Virginia men’s lacrosse coach Dom Starsia is on the verge of another historic season, though not in the way anyone intended. Starsia has only missed the NCAA tournament once during his tenure as Virginia’s head coach, and this season has the potential to become another blemish on an otherwise stellar record. For the Cavaliers to make the NCAA tournament, they must win every game they play from this point forward, starting with Saturday’s matchup against Bellarmine.
The Cavaliers (5-7, 0-3 ACC) come into Saturday on a six-game losing streak, the longest in Starsia’s time in Charlottesville. Sitting two games under .500, the Cavaliers risk losing their NCAA tournament qualification unless they find a win against the Knights (7-4, 3-4 East Coast Athletic Conference).
“We keep putting in so much effort in practice … and it doesn’t all translate into the games,” sophomore midfielder Ryan Tucker said. “But most of it does and I feel like week-in and week-out it’s translating more and more into the games, and I think this week coming up is going to be our big week.”
Offensively, the Cavaliers match up well with Bellarmine. Virginia scores almost 12 goals per game, while the Knights score almost 10 per game. Bellarmine boasts a 0.280 shot percentage and 0.648 shot on goal percentage while the Cavaliers only post 0.255 and 0.533 percent, respectively. The team knows that a key to its success will be figuring out its problems with accuracy.
“We just have to figure out a way to break out of that,” Starsia said. “We’re trying to work on that without badgering the kids about it, so that we start to feel better about that, a little more determined about scoring.”
But offense may be rather difficult to produce against the staunch Bellarmine defense. The Knights’ defensive roster has produced strong numbers this season, with a meager 7.45 goals allowed per game, compared to the 10.75 goals allowed per game by the Virginia squad. The Bellarmine defense is led by senior goalkeeper Dillon Ward. Ward is one of the top ranked goalkeepers in the nation, accumulating 165 saves and a 0.688 save percentage at this point in the season.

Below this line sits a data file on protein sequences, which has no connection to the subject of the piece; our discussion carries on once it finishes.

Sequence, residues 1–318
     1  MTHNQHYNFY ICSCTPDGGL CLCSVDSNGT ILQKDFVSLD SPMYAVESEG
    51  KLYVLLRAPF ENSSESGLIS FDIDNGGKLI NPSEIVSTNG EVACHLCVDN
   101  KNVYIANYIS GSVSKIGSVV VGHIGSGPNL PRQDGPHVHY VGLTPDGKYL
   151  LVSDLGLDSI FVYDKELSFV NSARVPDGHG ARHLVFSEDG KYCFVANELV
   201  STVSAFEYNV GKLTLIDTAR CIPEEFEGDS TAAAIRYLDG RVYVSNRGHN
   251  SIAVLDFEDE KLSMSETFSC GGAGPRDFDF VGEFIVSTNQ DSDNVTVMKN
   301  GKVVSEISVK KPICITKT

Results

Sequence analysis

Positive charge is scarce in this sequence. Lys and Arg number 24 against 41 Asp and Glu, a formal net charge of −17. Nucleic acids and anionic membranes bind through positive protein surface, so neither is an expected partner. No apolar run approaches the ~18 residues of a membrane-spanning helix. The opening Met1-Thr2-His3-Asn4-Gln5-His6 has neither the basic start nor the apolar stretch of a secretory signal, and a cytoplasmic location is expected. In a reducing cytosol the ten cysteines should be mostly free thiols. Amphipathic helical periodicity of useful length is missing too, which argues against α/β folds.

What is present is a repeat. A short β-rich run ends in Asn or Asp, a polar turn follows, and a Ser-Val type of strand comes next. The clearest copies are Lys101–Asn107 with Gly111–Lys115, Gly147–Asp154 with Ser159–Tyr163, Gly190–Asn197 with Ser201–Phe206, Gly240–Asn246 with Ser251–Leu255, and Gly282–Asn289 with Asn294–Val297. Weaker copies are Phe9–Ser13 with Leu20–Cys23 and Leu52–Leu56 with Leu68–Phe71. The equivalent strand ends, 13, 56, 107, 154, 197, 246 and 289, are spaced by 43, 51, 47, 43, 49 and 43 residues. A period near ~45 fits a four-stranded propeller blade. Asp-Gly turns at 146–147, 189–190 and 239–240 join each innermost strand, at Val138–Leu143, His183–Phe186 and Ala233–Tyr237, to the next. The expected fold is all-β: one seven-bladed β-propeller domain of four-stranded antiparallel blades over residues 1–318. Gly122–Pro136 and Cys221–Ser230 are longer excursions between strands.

Virginia’s recent struggles may not be an accurate reflection of its level of effort. Four of the team’s seven losses have been by 2 goals or fewer, and last Friday’s 19-16 loss to Duke came only after a furious fourth-quarter rally by the Blue Devils. Virginia is first in the nation with 39.17 ground balls per game — often an indicator of success — and far outnumber Bellarmine’s 26.27 per game.
The implications of Saturday’s’ game are not to be understated — a loss would end any postseason hopes — but Starsia is careful not to let his players feel unappreciated for their work this season.
“I come out here every day excited to see these guys, and we’ve had good energy on the practice field,” Starsia said. “There’s no point in me making their lives miserable when I do feel like they’re working at it and we’re moving in a positive direction. They’re doing what we’re asking them to do and they also understand that we have to find ways for us to get better for us to get where we want to get to.”
Even with their recent struggles, the Cavaliers still believe in their process, and they are hoping they can put their work to use against the Knights.
“We’ve been getting better every single game,” Tucker said. “I think that we just have to keep playing hard in practice and in the games. . . and we’ll get a win this [weekend].”